Both Lucy and Alexandra stressed the importance of page turners. And of course, they discussed the reasons why your story might be told wordlessly. There should be an element of universality. For example, your imagination runs away with you, or you take a tale everyone knows and do a role reversal, such as in Goodnight, Gorilla. There may be an archetypal character, like a crafty weasel or a playful dog.

Alexandra and Lucy discussed the life cycle of the picture book. The manuscript goes to the editor. If the editor likes it, it goes to the acquisition meeting. If accepted, the editor and the art director select an artist. Thumbnails/ sketches follow. There are editorial meetings and revisions. Then comes the final art and the layout. Eventually there is the first printing and proofs to be approved.

So how do you submit a wordless picture book?

Submit a simple paragraph or two, with illustrators’ prompts. Of course if you are the author/illustrator, you can submit a dummy.

A successful Wordless Picture Book will have a meaning that lingers and makes the reader want a repeat experience and read again. Both Lucy and Alexandra love the stories that have a secondary story, something that is going on in the background.

And guess what? Your “wordless” picture book might have a few words, after all. This especially good if the word(s) have different meanings and add even more to the visuals.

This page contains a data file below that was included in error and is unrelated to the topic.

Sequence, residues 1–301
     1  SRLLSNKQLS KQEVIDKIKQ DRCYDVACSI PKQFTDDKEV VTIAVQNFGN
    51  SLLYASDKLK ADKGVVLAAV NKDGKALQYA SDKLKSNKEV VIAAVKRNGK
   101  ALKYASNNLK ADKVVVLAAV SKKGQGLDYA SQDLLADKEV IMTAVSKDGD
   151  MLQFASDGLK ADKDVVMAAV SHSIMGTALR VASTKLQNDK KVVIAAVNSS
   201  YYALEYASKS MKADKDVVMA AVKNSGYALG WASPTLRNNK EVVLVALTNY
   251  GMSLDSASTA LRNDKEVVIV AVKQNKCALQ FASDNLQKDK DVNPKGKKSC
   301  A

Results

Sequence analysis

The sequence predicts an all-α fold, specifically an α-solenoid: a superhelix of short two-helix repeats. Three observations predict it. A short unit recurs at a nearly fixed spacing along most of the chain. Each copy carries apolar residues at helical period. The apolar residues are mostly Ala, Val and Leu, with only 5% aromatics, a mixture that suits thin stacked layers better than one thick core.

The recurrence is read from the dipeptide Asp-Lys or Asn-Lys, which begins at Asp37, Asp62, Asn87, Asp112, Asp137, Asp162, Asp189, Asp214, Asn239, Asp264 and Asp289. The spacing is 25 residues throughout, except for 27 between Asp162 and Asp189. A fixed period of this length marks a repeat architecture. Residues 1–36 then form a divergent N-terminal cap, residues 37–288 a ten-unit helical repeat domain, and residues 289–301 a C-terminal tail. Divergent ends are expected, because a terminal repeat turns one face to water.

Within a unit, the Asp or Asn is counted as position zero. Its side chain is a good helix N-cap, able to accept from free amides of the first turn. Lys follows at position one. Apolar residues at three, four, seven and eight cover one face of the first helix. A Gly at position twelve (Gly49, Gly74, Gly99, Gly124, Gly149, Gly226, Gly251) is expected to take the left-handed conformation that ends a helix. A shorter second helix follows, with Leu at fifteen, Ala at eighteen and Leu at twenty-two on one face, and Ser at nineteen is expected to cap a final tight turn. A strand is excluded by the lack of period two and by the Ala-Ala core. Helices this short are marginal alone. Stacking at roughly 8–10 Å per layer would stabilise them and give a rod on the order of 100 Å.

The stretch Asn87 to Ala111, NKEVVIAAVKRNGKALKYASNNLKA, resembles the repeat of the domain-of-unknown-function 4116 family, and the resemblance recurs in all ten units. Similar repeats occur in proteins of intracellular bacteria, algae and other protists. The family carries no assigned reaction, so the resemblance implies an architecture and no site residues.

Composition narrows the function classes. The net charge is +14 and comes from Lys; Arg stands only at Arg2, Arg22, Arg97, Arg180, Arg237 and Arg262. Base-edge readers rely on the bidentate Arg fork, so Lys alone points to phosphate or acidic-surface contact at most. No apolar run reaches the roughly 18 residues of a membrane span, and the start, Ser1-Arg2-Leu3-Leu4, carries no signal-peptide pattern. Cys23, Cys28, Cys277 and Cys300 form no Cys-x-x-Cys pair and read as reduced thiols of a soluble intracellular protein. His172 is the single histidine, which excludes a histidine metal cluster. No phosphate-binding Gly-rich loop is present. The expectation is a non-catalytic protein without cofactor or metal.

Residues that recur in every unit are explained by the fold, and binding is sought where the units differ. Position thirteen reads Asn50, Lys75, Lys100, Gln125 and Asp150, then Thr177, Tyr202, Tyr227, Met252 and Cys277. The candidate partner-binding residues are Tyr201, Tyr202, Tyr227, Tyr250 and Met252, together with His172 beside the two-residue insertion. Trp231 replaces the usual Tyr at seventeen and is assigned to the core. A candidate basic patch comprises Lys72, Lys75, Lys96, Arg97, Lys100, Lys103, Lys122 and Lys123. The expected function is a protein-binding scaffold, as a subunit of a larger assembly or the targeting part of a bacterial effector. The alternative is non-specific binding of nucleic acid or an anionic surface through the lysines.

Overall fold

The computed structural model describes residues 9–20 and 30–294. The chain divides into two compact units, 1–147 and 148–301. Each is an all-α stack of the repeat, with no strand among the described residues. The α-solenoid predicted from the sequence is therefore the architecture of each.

Thank you Diana for taking the time to write up Alex and Lucy’s Workshop on “Wordless Picture Books.” I hope it gives people food for thought.

Talk tomorrow,



  1. As a teacher, wordless books give unique opportunities to find out more about kids’ expressive language, sequencing and inference skills.


  2. Really enjoyed reading your thoughts about wordless picture books, Your list of characteristics is quite thought-provoking especially #8. I love the fact that a wordless picture book can be enjoyed in any language. A child can enjoy it with a grandparent, in one language and a parent in another.


  3. Hi Kathy,
    I happily stumbled across your website and wanted to make a comment and ask a question. I’m a special education teacher for children with autism (K-12). I’ve been collecting and successfully using wordless books with my students for a few years. It’s an incredible, invaluable tool for teaching expressive language!!!

    While using them almost daily, I’ve developed ideas for wordless books, but I don’t know how to get them submitted to be illustrated and published. Can you give me any assistance?

    Thank you!
    Julia Banta


    • hi julia! i know this is from several years ago, but i’m wondering if you received a response to this? i would love to hear what the advice was!


      • Hi Heather,
        Thanks for your followup. I never got a response, but honestly gave up getting an answer or assistance. I still have several children’s books that I’d love to pursue illustration and publication.
        Julie Banta

        Liked by 1 person